Two unlikely advocates, both pro-abortion attorneys, called the indictment of pro-life activists David Daleiden and Sandra Merritt “deeply disturbing” and a potential threat to the “vital” work of undercover journalists and activists.
Posing as representatives for a medical research company, Daleiden and Merritt gained access to Planned Parenthood abortion facilities, including Houston’s Planned Parenthood Gulf Coast (PPGC). There they surreptitiously recorded conversations with Planned Parenthood staff, including alleged bartering for the sale of aborted baby body parts, a federal crime. In July, the pro-life activists began releasing the footage in a series of online videos. A resulting investigation into PPGC by the Harris County district attorney resulted in indictments against Daleiden and Merritt. No charges were brought against the Planned Parenthood affiliate or its executives.
Abortion advocates cheered the turn of events. While denouncing the pro-life activists’ efforts to defame the nation’s largest abortion provider, Sherry F. Colb and Michael C. Dorf, both Cornell University law professors, opposed the criminalization of their investigative work.
“Undercover exposés play a vital role in informing the American public of important facts that would otherwise remain hidden,” Dorf and Colb wrote in a Jan. 29 column for CNN.
In deference to the First Amendment’s Freedom of the Press clause, state laws offer limited protection for undercover investigators, whether they are media employees or self-styled journalist activists. There is no such protection at the federal level. The U.S. Supreme Court has ruled the ends do not justify the means – undercover investigators must abide by the law or face prosecution and, possibly, jail.
As part of their undercover investigation, Daleiden and Merritt presented false California ID cards to gain access to the Houston abortion facility. That prompted the felony charge of tampering with a government document. Falsification of a Texas-issued identification is a misdemeanor, while presenting a fake out-of-state ID warrants a felony charge.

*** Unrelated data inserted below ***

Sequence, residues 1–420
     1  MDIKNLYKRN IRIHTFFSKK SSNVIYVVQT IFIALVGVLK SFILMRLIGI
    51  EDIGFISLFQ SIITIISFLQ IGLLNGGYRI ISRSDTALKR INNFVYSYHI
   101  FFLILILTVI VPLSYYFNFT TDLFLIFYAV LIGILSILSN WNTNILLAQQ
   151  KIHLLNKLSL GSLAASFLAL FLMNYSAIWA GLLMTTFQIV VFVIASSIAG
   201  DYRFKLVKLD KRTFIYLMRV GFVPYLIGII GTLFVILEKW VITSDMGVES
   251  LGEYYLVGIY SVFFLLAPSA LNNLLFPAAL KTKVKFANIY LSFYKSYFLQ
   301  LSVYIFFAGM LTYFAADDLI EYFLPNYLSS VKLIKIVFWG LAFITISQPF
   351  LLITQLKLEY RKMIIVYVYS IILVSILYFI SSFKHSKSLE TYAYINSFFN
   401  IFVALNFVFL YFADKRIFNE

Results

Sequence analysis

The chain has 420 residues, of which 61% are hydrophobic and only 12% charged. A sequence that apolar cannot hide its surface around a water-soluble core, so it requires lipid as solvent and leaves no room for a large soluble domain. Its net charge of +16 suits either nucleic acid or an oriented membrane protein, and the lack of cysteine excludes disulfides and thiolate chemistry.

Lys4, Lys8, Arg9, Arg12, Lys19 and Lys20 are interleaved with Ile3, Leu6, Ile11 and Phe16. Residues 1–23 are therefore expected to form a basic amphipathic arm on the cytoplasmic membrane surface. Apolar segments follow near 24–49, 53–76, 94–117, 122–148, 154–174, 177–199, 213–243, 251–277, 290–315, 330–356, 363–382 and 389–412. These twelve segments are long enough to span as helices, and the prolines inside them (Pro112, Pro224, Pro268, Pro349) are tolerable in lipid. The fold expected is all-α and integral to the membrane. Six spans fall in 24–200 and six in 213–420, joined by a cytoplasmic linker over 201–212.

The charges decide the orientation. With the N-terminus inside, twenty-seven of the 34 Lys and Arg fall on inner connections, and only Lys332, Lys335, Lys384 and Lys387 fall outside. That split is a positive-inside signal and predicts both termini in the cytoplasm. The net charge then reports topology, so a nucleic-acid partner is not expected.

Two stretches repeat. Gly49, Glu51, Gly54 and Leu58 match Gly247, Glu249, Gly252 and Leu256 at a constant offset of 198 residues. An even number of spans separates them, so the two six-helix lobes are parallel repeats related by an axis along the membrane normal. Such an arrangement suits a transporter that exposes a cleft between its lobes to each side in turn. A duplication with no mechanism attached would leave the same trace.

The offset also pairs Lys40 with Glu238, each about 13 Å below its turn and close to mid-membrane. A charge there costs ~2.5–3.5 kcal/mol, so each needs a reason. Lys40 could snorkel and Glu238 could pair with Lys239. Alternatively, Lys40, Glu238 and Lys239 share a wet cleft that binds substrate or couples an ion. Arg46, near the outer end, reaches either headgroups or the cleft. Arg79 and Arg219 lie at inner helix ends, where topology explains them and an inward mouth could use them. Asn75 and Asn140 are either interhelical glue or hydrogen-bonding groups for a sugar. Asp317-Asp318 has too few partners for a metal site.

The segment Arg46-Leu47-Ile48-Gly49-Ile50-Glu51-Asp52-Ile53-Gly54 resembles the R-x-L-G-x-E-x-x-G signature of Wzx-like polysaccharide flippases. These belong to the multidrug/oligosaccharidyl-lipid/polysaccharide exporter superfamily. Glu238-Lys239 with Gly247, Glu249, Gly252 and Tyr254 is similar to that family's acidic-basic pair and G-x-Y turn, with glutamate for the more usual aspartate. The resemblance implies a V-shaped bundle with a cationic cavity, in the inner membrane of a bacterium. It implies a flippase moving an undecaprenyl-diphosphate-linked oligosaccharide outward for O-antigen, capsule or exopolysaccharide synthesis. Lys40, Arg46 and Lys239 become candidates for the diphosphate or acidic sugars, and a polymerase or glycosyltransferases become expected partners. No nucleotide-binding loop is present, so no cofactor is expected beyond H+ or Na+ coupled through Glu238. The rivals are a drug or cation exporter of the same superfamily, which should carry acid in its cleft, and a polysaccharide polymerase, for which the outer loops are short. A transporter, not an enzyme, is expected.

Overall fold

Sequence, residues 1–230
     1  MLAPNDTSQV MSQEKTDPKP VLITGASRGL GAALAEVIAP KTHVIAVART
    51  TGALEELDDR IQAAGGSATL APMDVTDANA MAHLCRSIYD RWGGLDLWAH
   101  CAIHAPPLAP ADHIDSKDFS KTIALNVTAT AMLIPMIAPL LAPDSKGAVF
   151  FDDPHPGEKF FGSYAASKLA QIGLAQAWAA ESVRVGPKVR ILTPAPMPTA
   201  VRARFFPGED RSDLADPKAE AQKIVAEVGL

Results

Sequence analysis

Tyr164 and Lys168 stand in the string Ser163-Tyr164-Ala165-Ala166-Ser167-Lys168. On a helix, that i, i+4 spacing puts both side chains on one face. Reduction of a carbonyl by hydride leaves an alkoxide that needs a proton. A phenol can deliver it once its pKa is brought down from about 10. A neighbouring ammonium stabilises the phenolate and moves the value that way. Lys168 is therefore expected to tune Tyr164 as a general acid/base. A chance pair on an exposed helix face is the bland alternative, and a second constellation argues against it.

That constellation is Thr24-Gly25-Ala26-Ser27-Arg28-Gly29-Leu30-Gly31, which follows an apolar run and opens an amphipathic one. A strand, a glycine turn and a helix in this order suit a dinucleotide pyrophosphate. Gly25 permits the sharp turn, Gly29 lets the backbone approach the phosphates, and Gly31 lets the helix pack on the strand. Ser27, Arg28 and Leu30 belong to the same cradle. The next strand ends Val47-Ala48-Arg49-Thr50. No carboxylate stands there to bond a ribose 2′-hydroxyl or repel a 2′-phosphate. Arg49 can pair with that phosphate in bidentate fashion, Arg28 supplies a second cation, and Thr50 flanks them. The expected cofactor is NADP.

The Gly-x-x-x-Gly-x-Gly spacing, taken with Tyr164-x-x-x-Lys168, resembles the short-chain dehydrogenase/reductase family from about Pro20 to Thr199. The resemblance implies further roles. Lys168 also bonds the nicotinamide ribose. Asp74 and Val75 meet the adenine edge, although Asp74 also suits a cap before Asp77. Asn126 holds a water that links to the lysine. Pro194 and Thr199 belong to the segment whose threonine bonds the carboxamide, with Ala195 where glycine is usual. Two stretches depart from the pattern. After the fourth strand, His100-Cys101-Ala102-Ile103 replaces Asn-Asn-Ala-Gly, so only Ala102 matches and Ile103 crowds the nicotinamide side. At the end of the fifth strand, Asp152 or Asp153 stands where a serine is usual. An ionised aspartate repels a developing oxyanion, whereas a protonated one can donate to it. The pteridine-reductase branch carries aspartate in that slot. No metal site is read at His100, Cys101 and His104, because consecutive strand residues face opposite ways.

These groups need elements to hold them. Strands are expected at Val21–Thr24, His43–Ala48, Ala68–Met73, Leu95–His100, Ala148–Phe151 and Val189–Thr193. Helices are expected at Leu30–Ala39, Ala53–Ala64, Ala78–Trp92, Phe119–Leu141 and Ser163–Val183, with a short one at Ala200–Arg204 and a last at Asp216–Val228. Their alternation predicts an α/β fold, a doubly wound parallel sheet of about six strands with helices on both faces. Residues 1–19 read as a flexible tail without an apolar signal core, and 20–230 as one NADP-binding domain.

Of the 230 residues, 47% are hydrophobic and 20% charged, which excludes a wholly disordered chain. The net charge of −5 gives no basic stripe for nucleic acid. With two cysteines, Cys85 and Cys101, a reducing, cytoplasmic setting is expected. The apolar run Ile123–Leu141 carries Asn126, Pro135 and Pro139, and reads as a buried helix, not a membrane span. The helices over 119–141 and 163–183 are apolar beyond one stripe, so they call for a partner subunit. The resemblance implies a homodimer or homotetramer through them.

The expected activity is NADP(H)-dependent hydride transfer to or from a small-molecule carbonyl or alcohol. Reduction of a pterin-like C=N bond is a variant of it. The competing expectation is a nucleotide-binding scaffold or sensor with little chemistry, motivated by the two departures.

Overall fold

Daleiden and Merritt also face a misdemeanor charge for attempting to purchase “fetal remains” in violation of the Texas ban on “the purchase and sale of human organs,” an ironic acknowledgement of the aborted babies’ humanity. But Dorf and Colb note the charge disregards the fact that Daleiden and Merritt had no intention of making a purchase.
The pro-life activists’ tactics replicate those of animal rights activists who disguise their identity and intent to gain access to laboratories, farms and slaughterhouses, Dorf and Colb note. Both attorneys are animal rights advocates and work for clarity in the law as it relates to undercover investigations.
“Perhaps journalists need special protection so that, in some circumstances, they should be licensed to violate the law,” Dorf suggested in a separate blog.
Even if laws offer limited protection, undercover work requires deception – a problematic matter for Christians.
“I think undercover work is fundamentally different from lying,” Daleiden said in a Jan. 22 interview with Russell Moore, president of the Southern Baptist Convention’s Ethics and Religious Liberty Commission, and Jim Daly, president of Focus on the Family.
Moore and Daly asked Daleiden about his pro-life advocacy at the inaugural meeting of the Evangelicals for Life conference just hours before the annual March for Life rally in Washington, D.C.
“The purpose of the undercover work is actually to serve the truth and to bring greater clarity,” Daleiden said.
To an extent, the Cornell attorneys agree. They said the courts must strike a balance between the public’s right to know and an investigator’s ability to access information without fear of imprisonment: “But the criminal prosecution of Daleiden and Merritt, even if they did break the law, could chill undercover journalists and activists everywhere.”